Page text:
Appeal from the Circuit Court of Cook county; the Hon. HARRY
M. FISHER, Judge, presiding. Appeal dismissed.
PRESIDING JUSTICE KILEY DELIVERED THE OPINION OF THE COURT. This is an action by an insurance carrier, as subrogee, to recover workmen's compensation, in the amount of $932.50, paid to two employees of Hawthorn-Mellody Farms Dairy, Inc., who were injured in a collision between a truck and a train of defendant railroad. The railroad answered and filed a third-party action against Hawthorn-Mellody and Cuneo for indemnity. The court dismissed the third-party complaint and the railroad has appealed.
The following alleged facts are admitted: The collision in which the employees were injured occurred April 24, 1951, at the intersection of a private road, on a Hawthorn-Mellody farm, and the railroad tracks. At the time there was in existence an agreement between the railroad and Samuel Insull under which Insull undertook to "indemnify, save harmless and defend" the railroad "from . . . suits, actions, legal proceedings, claims, demands, damages . . . in any manner caused by, arising from, incident to, connected with or growing out of . . . use . . . of said crossing. . . ." This undertaking was made binding upon Insull's "successors and assigns" and the third-party defendants are the "lawful successors and assignees" of Insull.
The third-party defendants, Cuneo and Hawthorn-Mellody, moved to dismiss on the grounds that Hawthorn-Mellody "cannot be both plaintiff and defendant in the action" and that the third-party complaint "is contrary to the spirit and meaning of Section 25 of the Civil Practice Act." The judgment of dismissal entered is: "It is . . . ordered . . . that the third party complaint be, and it hereby is dismissed without prejudice, that the third party defendants have judgment for their costs . . . and have execution therefor and that they go hence without day."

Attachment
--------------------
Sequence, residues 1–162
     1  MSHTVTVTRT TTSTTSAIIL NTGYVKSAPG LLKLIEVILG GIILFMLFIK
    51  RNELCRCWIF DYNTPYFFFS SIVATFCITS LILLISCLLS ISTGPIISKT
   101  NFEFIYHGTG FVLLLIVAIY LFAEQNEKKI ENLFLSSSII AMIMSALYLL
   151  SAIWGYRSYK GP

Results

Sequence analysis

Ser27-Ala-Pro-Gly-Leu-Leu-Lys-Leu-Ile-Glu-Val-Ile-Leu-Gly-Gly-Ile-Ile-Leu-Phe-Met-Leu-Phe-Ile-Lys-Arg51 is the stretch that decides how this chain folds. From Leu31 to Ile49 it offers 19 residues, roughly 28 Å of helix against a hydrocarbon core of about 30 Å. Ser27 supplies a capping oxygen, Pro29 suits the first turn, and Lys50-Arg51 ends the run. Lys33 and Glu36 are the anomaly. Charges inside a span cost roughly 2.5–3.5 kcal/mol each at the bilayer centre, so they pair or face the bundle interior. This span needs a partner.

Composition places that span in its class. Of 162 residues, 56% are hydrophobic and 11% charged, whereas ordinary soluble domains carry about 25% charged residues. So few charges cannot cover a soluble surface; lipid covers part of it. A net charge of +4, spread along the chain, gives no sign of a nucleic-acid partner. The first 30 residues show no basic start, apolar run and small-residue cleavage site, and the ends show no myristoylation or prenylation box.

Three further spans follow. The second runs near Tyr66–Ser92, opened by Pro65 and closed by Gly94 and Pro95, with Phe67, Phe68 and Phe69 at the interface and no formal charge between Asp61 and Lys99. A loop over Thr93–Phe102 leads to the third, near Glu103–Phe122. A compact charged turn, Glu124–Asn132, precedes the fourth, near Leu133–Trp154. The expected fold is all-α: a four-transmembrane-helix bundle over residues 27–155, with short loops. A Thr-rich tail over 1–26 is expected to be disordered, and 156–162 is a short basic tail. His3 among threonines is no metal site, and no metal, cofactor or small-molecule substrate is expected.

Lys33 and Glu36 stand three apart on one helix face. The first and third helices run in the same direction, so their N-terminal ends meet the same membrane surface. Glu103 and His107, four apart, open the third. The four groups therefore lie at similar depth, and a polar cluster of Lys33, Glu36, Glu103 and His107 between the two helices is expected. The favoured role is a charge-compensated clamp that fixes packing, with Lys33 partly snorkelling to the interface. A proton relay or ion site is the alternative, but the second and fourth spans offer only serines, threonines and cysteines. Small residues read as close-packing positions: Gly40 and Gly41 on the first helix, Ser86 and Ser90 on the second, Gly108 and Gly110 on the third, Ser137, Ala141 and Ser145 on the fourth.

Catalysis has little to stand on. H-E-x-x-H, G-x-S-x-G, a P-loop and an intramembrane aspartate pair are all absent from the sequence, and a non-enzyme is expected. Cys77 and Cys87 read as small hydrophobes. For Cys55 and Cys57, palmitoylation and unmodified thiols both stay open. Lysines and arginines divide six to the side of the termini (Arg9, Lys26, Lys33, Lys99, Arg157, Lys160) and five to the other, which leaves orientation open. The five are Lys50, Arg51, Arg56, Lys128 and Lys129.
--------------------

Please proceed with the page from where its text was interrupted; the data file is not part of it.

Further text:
The third-party defendants contend the appeal does not meet the requirements of Section 50(2) of the Civil Practice Act [Ill. Rev. Stats. 1957, ch. 110, § 50(2)] and is therefore not final and appealable. That section provides that where multiple parties or claims are "involved in an action" the court may enter final judgment as to one or more but fewer than all the parties or claims" only upon an express finding that there is no just reason for delaying enforcement or appeal." In the absence of "that finding" such a judgment "does not terminate the action, is not enforceable or appealable."
We think there is no merit in the argument of the railroad that Section 50(2) does not apply because "the third party complaint does not present multiple claims for relief against multiple parties." The Supreme Court decided in Ariola v. Nigro, 13 Ill.2d 200, that the appeal "must fail" because of "the omission to obtain" the "express finding that there is no just reason for delaying appeal." The court said, at page 207, that the section was aimed at removing the uncertainty which existed when a final judgment was entered on less than "all of the matters of controversy." We think that the Supreme Court expects a liberal construction of the section in order to avoid the evils of piecemeal appeals it was directed against. For this reason we think the third-party action was a matter of controversy within the Supreme Court's interpretation.